Who Claims Children as Dependents after a Divorce?

Who Claims Children as Dependents after a Divorce?

As tax season is upon us, everyone is looking for ways to reduce their tax bill and receive a refund, and claiming one or more dependents on your taxes can significantly limit your tax liability. Only one person can claim each individual child, however, so what happens if the parents are divorced and no longer file a joint return? Who will get the tax benefits of having dependents?

When two parents get divorced, they may painstakingly set out parenting time schedules and decision-making plans, though many parents fail to properly consider claiming children on tax returns. It is important to address this issue as part of your divorce agreement and to have a divorce lawyer who understands the long-term tax implications of your agreement.

IRS Rules

The IRS sets out guidelines for parents who do not file a joint return, including:

  • A parent can claim a child if the child lived with them for most of the tax year
  • If the child lived with each parent equally, the parent with the highest adjusted gross income (AGI) can claim the child

It is important to realize that parents can come to their own arrangement regarding claiming children, as well.

Alternative Options

There are different options available for divorcing parents regarding taxes and children, including:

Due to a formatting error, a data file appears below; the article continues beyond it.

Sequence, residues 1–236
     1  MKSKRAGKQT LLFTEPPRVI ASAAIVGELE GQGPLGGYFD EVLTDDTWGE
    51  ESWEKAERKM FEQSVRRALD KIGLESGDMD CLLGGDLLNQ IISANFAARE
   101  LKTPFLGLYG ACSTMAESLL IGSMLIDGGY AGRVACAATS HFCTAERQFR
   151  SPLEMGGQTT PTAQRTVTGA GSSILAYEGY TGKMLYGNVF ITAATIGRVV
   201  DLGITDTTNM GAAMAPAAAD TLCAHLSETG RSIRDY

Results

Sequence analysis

• If there is a significant difference in income, the noncustodial parent may have the right to claim the children in exchange for other property or support to the custodial parent.
  • Parents can alternate years – one can claim the child in odd years and the other in even years.
  • If there is more than one child, one parent may claim specific children and the other parent may claim the rest of the children.
  • One parent may claim the dependency exemption and the child tax credit, while the other parent may use other child-related tax benefits, such as EITC, head of household status, credit for dependent-related expenses, and more.

It is highly important for parents to decide how they are going to handle child exemptions or to have the court decide for you. You should also be aware if you will be required to submit additional forms to the IRS if you are not claiming your child for certain years.

Always understand that when both parents try to claim children – whether unintentionally or out of fraud – it will raise red flags and can cause serious problems with the IRS.

Contact a South Tampa Divorce Attorney to Discuss Your Specific Case

At the Law Office of Mark G. Rodriguez, P.A., we help clients address every necessary child-related issue, including tax exemptions. If you are facing divorce or if your ex-spouse is refusing to abide by a divorce agreement, please do not hesitate to call a dedicated Tampa divorce lawyer at 813-227-9642 or contact us online to schedule your free consultation.